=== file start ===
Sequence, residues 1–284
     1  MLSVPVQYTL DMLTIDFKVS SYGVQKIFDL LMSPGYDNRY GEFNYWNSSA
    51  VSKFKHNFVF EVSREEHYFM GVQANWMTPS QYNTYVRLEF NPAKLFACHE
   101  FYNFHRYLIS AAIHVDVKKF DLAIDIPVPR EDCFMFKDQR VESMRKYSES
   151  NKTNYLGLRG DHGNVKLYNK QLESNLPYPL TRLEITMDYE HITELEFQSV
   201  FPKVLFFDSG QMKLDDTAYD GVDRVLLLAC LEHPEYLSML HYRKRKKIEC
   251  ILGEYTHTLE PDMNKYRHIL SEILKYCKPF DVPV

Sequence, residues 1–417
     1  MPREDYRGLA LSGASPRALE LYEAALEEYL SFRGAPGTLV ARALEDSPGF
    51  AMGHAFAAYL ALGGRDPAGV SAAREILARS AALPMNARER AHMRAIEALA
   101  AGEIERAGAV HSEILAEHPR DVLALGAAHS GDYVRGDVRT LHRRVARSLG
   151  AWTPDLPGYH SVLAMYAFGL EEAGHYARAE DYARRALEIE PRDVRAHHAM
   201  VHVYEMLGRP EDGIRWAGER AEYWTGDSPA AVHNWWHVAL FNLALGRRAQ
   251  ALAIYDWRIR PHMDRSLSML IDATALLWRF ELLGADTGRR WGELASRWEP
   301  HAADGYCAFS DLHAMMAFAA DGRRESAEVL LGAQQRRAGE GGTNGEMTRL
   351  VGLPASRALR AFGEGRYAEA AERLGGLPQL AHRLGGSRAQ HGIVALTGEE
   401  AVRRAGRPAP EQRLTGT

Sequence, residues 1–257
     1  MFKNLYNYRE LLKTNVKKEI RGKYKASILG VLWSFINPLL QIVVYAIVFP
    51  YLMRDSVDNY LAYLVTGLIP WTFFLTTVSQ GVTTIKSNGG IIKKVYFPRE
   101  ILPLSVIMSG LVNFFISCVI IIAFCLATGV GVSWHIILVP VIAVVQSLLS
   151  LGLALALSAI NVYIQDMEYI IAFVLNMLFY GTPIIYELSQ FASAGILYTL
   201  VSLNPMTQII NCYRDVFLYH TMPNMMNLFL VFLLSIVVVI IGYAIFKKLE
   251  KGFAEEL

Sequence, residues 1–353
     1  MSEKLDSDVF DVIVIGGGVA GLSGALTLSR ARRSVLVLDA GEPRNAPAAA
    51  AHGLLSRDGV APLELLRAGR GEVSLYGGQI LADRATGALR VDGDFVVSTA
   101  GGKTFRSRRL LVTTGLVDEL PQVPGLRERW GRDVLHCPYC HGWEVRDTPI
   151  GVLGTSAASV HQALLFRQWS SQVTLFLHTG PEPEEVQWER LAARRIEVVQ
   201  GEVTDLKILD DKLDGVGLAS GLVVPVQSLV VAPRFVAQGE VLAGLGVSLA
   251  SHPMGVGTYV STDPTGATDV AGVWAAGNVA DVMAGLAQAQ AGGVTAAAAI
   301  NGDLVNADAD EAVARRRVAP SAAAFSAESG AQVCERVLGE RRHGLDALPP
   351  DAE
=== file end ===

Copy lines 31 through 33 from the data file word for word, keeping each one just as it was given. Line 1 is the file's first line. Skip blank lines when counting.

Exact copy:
   251  SHPMGVGTYV STDPTGATDV AGVWAAGNVA DVMAGLAQAQ AGGVTAAAAI
   301  NGDLVNADAD EAVARRRVAP SAAAFSAESG AQVCERVLGE RRHGLDALPP
   351  DAE